SEL Gives $2 Million to Establish Endowed Chair
With a $2 million gift to University of Idaho College of Engineering, Schweitzer Engineering Laboratories (SEL), a Pullman-based international electrical power systems company, has endowed the Schweitzer Engineering Laboratories Chair in Power Engineering.
A distinguished university professorship, an endowed chair is used to attract a preeminent scholar in a speciﬁc academic ﬁeld, in this case power engineering. The enhanced financial support and prestige generated by the endowment will dramatically fuel future innovation in electric power research and teaching. Supported by earnings from invested funds, proceeds from the endowment support the research program of the endowed faculty member by funding students, staff, travel and equipment.
Professor Brian Johnson was named the first Schweitzer Engineering Laboratories Chair in Power Engineering with the University of Idaho College of Engineering in fall 2015.
“We are delighted that Brian Johnson is the first SEL Chair in Power Engineering,” said Ed Schweitzer, SEL founder and president. “He’s already made such a big impact on so many students, and we hope this growing partnership between SEL and the University of Idaho will further amplify and expand his influence and work.”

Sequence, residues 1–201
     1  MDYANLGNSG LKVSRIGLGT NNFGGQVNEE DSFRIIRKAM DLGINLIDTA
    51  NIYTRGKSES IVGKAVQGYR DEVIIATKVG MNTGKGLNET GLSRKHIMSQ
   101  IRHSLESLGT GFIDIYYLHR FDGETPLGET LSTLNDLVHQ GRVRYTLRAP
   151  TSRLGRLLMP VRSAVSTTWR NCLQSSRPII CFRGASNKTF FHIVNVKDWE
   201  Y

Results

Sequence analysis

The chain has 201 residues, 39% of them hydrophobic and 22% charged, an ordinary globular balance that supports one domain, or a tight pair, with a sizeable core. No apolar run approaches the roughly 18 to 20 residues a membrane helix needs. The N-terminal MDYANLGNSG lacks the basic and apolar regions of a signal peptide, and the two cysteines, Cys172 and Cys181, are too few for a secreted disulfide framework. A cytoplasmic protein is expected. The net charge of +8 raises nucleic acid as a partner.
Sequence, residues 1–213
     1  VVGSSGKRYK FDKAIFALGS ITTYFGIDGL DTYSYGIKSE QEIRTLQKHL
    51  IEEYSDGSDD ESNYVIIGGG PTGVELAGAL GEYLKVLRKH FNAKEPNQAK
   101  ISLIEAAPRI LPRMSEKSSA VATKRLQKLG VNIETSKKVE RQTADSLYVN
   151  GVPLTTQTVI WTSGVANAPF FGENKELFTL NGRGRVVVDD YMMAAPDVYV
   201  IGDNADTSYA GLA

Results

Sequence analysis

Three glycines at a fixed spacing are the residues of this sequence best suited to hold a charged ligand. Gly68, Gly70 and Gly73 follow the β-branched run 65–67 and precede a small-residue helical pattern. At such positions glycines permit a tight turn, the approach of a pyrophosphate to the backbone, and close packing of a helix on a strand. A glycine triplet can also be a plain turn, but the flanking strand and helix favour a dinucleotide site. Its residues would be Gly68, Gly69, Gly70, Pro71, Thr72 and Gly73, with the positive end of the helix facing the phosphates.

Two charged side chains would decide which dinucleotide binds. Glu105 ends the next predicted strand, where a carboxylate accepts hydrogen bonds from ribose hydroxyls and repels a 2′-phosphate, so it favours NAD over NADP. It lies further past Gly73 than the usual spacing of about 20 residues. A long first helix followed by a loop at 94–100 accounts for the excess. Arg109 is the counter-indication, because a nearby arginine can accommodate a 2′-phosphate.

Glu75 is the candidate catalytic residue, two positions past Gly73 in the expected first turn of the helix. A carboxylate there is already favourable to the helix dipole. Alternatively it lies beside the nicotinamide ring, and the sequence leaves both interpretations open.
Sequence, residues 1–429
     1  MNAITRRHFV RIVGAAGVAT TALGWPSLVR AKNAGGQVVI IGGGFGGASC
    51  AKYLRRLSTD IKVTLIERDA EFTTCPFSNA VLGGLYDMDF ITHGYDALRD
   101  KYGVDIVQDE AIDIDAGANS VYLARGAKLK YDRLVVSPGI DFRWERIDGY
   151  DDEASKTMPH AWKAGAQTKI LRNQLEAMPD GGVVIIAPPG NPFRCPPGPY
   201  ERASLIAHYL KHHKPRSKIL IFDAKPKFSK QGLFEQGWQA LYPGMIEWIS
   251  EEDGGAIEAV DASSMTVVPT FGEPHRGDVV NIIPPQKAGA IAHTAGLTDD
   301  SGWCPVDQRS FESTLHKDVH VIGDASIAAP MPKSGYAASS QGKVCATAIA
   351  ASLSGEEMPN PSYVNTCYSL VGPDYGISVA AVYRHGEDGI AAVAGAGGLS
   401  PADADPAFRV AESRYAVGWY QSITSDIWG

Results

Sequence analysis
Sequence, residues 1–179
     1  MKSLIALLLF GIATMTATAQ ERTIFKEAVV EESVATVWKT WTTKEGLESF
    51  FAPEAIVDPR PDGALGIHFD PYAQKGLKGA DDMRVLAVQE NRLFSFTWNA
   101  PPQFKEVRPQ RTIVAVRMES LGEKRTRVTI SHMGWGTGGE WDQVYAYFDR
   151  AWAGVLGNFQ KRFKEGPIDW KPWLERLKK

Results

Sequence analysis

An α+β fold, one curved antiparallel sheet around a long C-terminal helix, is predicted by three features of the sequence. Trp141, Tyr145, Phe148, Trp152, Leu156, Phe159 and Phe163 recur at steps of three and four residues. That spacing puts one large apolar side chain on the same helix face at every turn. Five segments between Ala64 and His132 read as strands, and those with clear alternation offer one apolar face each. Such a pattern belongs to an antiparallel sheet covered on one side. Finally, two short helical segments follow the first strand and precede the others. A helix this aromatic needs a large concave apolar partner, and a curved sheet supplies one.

SEL and UI’s College of Engineering have long enjoyed a valuable local partnership benefiting both organizations, students and employees.
“This gift and the creation of the Schweitzer Engineering Laboratories Endowed Chair in Power Engineering forever links the future of SEL and the UI College of Engineering,” College of Engineering Dean Larry Stauffer said. “We are excited about the increased reputation that comes with this partnership and our increased ability in educating future engineers for the entire power industry.”
SEL currently employs over 250 UI alumni across the globe. Twenty-five SEL employees are currently enrolled at the UI and SEL provides internships for 58 UI students.
“In order for SEL to continue its rich tradition of innovation, we need highly educated engineers who really understand the fundamentals of electric power systems,” said Dave Whitehead, SEL VP of R&D. “The students coming out of UI are able to begin contributing at a high level on day one.”
“We believe this partnership will not only benefit the university and SEL, but it will also help us solve the tough problems related to protecting, monitoring and controlling electric power — which will help make the world a better place.”